It is with that in mind that I share with you two examples of properties where despite spending $2,000 in due diligence, I chose to walk away from the deals.

Example 1: MLS Duplex

Front door, gray with white trim with pillars

It was just staring at me—with a beautiful exterior, decent interior condition, and an extra plot of land to boot. This nice-looking duplex was sitting there on the MLS taunting me!

The seller listed it for $179,000, and I had it under contract for $160,000. Everything was in motion. My file was going through underwriting, the appraisal was complete, and the inspector was en route.

In order to understand the rest, let me explain the deal briefly.

It was a good deal but it carried a level of risk: I would be spreading myself pretty thin by closing without a partner, and my cash recoupment would not come from refinancing but rather from selling the vacant land parcel. (Unlike BRRRR, buy, sell land, rent, repeat—BSLRR—doesn’t exactly have a good ring to it!)

As a result of this added risk, it would only be worth my time if I were getting a great return on my money. With what looked like only minor repairs, this duplex appeared as if it would hit that mark.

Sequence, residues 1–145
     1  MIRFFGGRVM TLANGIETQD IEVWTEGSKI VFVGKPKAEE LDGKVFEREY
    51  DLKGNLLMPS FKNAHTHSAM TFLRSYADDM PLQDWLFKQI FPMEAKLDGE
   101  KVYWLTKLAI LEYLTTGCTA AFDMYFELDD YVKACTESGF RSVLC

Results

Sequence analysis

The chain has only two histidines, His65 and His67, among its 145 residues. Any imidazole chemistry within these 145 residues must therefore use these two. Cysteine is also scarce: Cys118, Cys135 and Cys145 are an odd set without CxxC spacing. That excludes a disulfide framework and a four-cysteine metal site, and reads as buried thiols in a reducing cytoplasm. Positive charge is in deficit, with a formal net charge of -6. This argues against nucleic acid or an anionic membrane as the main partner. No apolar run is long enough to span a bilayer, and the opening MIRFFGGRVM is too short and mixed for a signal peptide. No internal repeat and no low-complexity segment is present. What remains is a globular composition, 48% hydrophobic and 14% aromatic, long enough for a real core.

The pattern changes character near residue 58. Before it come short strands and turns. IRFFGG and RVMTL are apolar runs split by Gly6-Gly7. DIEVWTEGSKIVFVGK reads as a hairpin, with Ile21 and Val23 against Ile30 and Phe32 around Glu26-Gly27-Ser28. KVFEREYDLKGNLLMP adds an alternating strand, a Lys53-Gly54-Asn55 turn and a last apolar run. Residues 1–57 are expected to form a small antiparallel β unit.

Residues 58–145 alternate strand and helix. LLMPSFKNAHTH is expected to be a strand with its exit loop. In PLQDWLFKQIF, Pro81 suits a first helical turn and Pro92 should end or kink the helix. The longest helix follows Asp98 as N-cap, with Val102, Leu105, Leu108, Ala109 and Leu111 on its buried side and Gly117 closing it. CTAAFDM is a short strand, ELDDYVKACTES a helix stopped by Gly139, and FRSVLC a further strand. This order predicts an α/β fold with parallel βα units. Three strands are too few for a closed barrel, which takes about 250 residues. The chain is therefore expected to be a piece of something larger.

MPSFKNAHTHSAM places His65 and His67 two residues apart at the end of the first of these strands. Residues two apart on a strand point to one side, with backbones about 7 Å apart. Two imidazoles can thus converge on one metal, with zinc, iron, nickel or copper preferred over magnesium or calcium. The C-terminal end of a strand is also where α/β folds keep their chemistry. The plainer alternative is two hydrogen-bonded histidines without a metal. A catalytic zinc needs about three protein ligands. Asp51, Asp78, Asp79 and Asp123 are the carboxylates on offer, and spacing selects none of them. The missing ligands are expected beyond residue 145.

So far the news was great, and I was feeling good as the small victories stacked up. I was under contract for $19K below asking price, and the appraisal came in at $165K.

Related: What Investors Should Know About the Home Inspection Process

What Went Wrong

As I was walking through the Atlanta airport, I got a call from my agent. The inspector identified a major issue with the gas packs (heating and cooling units). They looked to be leaking into the house when the heat was turned on, and both would need to be replaced before getting any tenants in the door. That introduced a capital expenditure of $10,000.

While that isn’t an enormous amount, for this deal, it was a very important number that dropped the return below what I was comfortable with. So, we went to the seller and explained that I liked the property and wanted to close on it—but only if they replaced both gas packs or provided a credit of $10,000.

They were willing to work with me, but only up to $5,000. I appreciated the show of goodwill and effort to work together, but here’s the most important thing: I knew what worked for me. That didn’t work.

It was as simple as that.

I had invested $500 into a non-refundable deposit, $550 into the inspection, and $600 into the appraisal (the order of operations was a $600 mistake on my part). These were all sunk costs that I would never get back (except for the deposit that would have been applied at closing), so they were irrelevant in my decision.

We walked away, never looked back, and it was a fantastic decision that I’m extremely grateful to have made.

Example 2: Wholesale Quad

calculate-financials

Fast-forward two months, and we’re getting ready to ring in the new year. I had just closed on a different duplex and came across an off-market quad that looked great on paper.